Plastic pollution is causing irreparable damage to the planet. Far from diminishing, this problem gets worse every day. Annually, 300 million tons of plastic are produced, of which a high percentage ends up in rivers and seas. Many scientists believe that this is a more serious problem than climate change.
In the oceans, there are plastic islands the size of continents. It is estimated that by 2050 there will be more plastic than fish in the sea. Plastic fibers have been found both in the North Pole and the South Pole. Plastic particles are colonized by microorganisms, including pathogens, which alter trophic chains, nutrient cycles and the balance of aquatic ecosystems.
It is common to find plastic in the digestive tract of zooplankton and fish. But also in sea salt, honey, tap water, bread, beer and, probably, in other things we eat.
Plastics take hundreds of years to degrade; they contain additives and adsorbs heavy metals, antibiotics, pesticides, and other toxic substances. Unfortunately, these are transported around the planet.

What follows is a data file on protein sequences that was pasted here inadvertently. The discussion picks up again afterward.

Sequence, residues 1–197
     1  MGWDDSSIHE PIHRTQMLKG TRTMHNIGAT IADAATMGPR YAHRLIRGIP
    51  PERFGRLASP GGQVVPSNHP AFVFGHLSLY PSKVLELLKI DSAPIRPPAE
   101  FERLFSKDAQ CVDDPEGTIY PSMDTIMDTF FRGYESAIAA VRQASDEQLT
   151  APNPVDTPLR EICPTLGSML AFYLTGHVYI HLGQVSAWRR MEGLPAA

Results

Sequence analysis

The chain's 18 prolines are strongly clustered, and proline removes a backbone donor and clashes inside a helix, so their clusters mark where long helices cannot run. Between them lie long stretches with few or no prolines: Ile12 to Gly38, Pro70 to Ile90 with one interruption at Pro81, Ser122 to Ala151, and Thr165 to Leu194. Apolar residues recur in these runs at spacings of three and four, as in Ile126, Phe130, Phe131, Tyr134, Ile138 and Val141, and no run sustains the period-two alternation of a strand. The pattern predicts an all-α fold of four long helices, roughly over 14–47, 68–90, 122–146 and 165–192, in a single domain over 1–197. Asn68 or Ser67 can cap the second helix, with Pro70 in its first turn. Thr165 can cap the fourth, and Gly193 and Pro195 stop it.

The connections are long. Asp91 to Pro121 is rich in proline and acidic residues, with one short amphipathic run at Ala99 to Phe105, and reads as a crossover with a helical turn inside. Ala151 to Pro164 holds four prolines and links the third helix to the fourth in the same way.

What to do? We are individually responsible for rejecting, reusing, reducing, and recycling. Consumers are complicit in this situation. Companies should avoid using it in their processes and products, as well as take greater responsibility for their final disposal.
Governments must be stricter. They must prohibit certain uses of plastic, assess the containers, force the separation of waste, and establish severe fines for polluters.
At the United Nations (UN) level, this issue must be urgently addressed, as well as climate change or the loss of biodiversity. In many ways, Costa Rican diplomacy is desired to lead an initiative of this nature!